The City asserts that on May 5, 2012, "MPD officers responded to a disturbance call at the entrance to 152 Beale." (Id. ¶ 5.) "At that time officers came upon a visibly intoxicated Plaintiff Edmonds in an altercation with the doorman and bouncers at 152 Beale. MPD officers removed Plaintiff from the area and discovered that he was presently armed with a GLOCK Model 27.40 caliber pistol." (Id. ¶ 6.)
B. The Trial
This case was tried by a jury beginning on January 20, 2015. (ECF No. 125.) The jury returned their verdict on January 27, 2015. (ECF No. 138.) In the verdict, the jury made four findings relevant to class relief: (1) that the City of Memphis had "through its police officers, carried out a custom and/or well-established practice mainly on weekends at or about 3:00 a.m. of preventing persons from standing and/or walking on the sidewalk or street of Beale Street prior to [and on or after] June 14, 2012" (Verdict ¶¶ 1-2, ECF No. 141); (2) that this well-established practice "occurs without consideration to whether conditions throughout the Beale Street area pose an existing, imminent or immediate threat to public safety" (id. ¶ 4); (3) that the well-established practice was "the cause of persons being prevented from standing and/or walking on the sidewalk or street of Beale Street" (id. ¶ 3); and (4) that "since at least 2007, thousands of persons were cleared off of Beale Street pursuant to" that practice. (Id. ¶ 5.)
With regard to Plaintiff Cole's individual claim for damages, the jury made five findings: (1) that Cole had been removed from Beale Street in the manner described above; (2) that "conditions throughout the Beale Street area did NOT pose an existing, imminent or immediate threat to public safety at the time the police officers initiated" the sweep on the night Cole was removed and arrested; (3) that Cole was arrested without probable cause in violation of the Fourth Amendment; (4) that the Memphis Police Department used excessive force during Cole's arrest in violation of the Fourth Amendment; and (5) that the well-established practice caused the violations of Cole's Fourth Amendment rights and damages to Cole. (Id. ¶¶ 7-16.) The jury awarded Cole $35, 000 in damages. (Id. ¶ 17.)
With regard to Plaintiff Edmond's individual claim for damages, the jury found that Edmond had not been removed from Beale Street pursuant to the well-established practice described above and Edmond's arrest was not unlawful. (Id. ¶¶ 18, 21.) Accordingly, the jury did not award any damages to Edmond. (Id. ¶ 30.)
C. Procedural History
On February 25, 2013, Lakendus Cole and Leon Edmond (collectively, "Plaintiffs") filed a Class Action Complaint asserting deprivation of constitutional rights and seeking injunctive relief and monetary damages. (Compl. ECF No. 1.) On April 4, 2013, Defendant Cari Cooper filed an Answer. (ECF No. 6.) On April 11, 2013, Defendant City of Memphis filed an Answer. (ECF No. 8.) On June 14, 2013, Defendant Robert Skelton filed an Answer. (ECF No. 25.) On June 18, 2013, Defendants Christopher Bing, John Faircloth, Robert Forbert, and Samuel Hearn filed an Answer. (ECF No. 27.)
On April 2, 2013, Defendants Robert Forbert and John Faircloth filed a Motion to Dismiss for Failure to State a Claim. (ECF No. 5.) On April 10, 2013, Plaintiffs filed a Response in opposition to the Motion to Dismiss. (ECF No. 7.) On June 4, 2013, the Court entered an Order granting in part and denying in part the Motion to Dismiss. (ECF No. 22.) The Court found that Plaintiffs have stated a claim pursuant to Rule 8(a) of the Federal Rules of Civil Procedure but dismissed Plaintiffs' substantive due-process claim under the Fourteenth Amendment as to Defendants Robert Forbert and John Faircloth. (ECF No. 22.)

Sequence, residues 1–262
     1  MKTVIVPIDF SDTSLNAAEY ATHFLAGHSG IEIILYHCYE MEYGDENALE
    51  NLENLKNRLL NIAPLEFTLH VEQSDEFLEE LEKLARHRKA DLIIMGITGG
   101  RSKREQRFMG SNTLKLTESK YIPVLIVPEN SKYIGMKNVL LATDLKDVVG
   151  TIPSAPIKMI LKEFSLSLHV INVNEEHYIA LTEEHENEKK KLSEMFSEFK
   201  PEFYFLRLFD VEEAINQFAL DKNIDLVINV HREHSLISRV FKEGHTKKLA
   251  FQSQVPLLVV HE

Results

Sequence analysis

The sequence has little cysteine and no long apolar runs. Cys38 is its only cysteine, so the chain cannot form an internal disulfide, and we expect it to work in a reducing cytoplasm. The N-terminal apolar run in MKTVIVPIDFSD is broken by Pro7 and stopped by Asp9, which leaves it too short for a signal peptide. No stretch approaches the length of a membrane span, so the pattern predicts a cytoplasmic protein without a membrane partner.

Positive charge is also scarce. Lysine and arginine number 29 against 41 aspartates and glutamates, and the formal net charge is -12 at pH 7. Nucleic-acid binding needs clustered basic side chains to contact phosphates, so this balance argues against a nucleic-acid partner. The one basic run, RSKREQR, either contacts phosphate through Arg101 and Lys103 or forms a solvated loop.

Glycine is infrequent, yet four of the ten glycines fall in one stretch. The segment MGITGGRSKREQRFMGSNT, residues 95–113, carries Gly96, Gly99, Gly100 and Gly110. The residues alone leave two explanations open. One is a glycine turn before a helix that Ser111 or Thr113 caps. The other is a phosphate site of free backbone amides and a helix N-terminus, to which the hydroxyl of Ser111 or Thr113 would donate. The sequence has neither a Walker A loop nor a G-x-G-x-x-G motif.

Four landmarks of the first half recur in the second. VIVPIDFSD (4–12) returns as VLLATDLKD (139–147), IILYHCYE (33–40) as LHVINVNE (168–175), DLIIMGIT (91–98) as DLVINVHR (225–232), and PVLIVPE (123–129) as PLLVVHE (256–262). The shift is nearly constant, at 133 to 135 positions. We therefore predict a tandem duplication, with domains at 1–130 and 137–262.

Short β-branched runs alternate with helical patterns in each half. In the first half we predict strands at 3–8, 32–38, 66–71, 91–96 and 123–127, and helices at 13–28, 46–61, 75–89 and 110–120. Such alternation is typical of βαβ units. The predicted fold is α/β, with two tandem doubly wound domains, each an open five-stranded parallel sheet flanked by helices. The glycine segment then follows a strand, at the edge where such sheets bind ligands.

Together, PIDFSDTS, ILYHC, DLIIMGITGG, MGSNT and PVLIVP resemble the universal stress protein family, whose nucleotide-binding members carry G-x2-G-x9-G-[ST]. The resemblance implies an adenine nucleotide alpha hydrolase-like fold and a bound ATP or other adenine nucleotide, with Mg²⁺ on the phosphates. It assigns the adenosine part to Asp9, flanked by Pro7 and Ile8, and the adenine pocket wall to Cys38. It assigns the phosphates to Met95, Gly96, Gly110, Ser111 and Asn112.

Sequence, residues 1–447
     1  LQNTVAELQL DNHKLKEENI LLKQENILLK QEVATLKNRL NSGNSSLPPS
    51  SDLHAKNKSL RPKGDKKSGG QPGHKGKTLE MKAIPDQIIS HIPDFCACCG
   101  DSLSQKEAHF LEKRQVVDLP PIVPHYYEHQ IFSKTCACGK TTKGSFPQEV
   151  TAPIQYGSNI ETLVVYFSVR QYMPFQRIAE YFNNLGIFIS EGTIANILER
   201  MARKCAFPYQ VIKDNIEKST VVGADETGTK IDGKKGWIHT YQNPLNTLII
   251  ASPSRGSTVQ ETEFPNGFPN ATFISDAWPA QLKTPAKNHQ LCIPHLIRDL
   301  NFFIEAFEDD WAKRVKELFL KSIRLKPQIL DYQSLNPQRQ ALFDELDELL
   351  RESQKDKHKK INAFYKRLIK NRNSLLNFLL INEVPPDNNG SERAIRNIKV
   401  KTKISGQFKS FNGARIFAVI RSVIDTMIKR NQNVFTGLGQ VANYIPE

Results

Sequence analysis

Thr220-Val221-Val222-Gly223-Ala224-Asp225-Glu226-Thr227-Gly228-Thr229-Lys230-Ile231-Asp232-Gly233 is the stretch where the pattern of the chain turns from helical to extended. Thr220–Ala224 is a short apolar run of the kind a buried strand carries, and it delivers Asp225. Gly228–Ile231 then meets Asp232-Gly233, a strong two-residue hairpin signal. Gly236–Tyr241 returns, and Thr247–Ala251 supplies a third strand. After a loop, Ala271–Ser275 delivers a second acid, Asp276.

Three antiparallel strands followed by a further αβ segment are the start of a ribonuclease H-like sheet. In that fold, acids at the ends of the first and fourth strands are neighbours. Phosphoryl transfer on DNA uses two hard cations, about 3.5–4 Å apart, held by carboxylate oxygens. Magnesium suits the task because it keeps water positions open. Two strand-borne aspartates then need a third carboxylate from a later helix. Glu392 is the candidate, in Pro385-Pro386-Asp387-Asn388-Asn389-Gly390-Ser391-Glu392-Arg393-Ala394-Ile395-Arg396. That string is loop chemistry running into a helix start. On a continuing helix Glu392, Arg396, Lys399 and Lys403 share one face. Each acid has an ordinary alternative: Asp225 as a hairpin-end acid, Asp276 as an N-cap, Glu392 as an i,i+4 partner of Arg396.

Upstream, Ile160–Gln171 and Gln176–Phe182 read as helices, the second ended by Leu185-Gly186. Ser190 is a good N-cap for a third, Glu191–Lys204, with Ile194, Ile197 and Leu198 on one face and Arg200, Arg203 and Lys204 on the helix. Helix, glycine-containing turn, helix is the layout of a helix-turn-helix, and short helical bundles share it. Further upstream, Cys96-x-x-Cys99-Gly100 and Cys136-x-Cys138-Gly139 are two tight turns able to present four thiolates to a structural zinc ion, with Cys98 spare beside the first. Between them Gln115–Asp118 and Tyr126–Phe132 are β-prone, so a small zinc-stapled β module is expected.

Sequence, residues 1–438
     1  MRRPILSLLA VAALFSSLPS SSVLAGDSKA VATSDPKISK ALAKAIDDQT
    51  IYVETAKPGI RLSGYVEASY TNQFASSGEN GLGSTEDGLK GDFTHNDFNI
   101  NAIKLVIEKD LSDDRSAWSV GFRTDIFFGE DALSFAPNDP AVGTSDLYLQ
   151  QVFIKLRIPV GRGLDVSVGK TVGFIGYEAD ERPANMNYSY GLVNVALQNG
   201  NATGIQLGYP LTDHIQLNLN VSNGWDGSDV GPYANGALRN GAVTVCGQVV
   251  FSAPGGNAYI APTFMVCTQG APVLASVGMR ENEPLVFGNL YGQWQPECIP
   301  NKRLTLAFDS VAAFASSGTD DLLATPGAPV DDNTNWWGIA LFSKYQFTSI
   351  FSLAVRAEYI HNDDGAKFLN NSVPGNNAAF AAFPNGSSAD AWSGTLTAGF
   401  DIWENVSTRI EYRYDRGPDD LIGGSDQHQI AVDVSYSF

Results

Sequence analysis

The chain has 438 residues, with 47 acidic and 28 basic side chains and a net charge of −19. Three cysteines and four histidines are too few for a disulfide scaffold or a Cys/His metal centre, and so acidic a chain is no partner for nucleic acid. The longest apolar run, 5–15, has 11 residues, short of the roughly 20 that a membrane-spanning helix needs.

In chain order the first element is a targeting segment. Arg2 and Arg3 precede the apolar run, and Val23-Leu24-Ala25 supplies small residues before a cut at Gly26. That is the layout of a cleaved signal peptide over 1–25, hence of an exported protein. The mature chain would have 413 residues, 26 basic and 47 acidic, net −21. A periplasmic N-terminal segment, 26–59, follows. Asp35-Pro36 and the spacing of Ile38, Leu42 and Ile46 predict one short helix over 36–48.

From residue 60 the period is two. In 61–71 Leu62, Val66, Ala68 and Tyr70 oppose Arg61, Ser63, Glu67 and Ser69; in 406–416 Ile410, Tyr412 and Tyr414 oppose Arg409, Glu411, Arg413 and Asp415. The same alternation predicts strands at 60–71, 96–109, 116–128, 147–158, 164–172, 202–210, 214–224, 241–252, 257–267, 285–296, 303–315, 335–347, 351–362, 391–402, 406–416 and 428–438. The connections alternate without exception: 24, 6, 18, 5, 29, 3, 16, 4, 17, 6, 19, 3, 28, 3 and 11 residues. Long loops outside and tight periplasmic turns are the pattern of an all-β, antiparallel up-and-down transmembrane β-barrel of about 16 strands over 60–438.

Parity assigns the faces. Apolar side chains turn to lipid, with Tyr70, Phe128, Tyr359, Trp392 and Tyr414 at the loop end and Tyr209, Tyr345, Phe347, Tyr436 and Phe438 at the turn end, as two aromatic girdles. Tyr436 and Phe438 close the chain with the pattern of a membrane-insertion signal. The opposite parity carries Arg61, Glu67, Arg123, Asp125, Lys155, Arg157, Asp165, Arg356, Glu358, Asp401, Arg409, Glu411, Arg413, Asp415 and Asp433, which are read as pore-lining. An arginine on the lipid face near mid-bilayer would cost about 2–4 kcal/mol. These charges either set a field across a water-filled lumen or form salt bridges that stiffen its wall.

On May 16, 2013, Defendant Christopher Bing filed a Motion to Dismiss for Failure to State a Claim. (ECF No. 12.) On May 28, 2013, Plaintiffs filed a Response in opposition to the Motion to Dismiss. (ECF No. 13.) On June 6, 2013, the Court entered an Order granting in part the Motion to Dismiss as to Plaintiffs' substantive due-process claim under the Fourteenth Amendment but denying in part the Motion as to all other claims against Bing. (ECF No. 23.)
On May 31, 2013, Defendant Samuel Hearn filed a Motion to Dismiss for Failure to State a Claim. (ECF No. 21.) No Response was filed within the required time. On July 10, 2013, the Court entered an Order granting in part the Motion to Dismiss as to Plaintiffs' substantive due-process claim under the Fourteenth Amendment but denying in part the Motion as to all other claims against Hearn. (ECF No. 29.)
On November 27, 2013, Plaintiffs filed the Motion to Certify Class. (ECF No. 36.) Defendant City of Memphis filed a Response on December 18, 2013. (ECF No. 40.) On January 9, 2014, the Court held a hearing on the Motion. (ECF No. 42.) Plaintiffs filed a Supplemental Memorandum of Law in support of its Motion for Class Certification on June 30, 2014. (ECF No. 85.) Defendant filed its Response to the Supplemental Memorandum on July 7, 2014 (ECF No. 86), and Plaintiffs filed their Reply on July 14, 2014 (ECF No. 87). On September 29, 2014, the Court granted in part and denied in part Plaintiffs' Motion to Certify Class ("Order Certifying Class"). (ECF No. 88.) In the Court's Order, the Court certified Plaintiffs' proposed class under Rule 23(b)(2) of the Federal Rules of Civil Procedure for the purposes of injunctive and declaratory relief, and denied certification under Rule 23(b)(3). (ECF No. 88 at 41.)
On October 23, 2014, Plaintiffs filed a Notice of Dismissal with Prejudice of Plaintiffs' Claims Against the Individual Officers upon Stipulation of the Parties. (ECF No. 91.) The Court dismissed Plaintiffs' claims against all individual officers with prejudice in an order entered October 27, 2014. (ECF No. 93.)
On October 27, 2014, the Defendant City of Memphis filed a Motion for Summary Judgment. (ECF No. 92.) Plaintiffs filed a Response in Opposition on November 24, 2014. (ECF No. 97.) Defendant filed a Reply on December 8, 2014. (ECF No. 101.) The Court entered an Order granting in part and denying in part the Motion for Summary Judgment ("Summary Judgment Order") on January 18, 2015. (ECF No. 121.)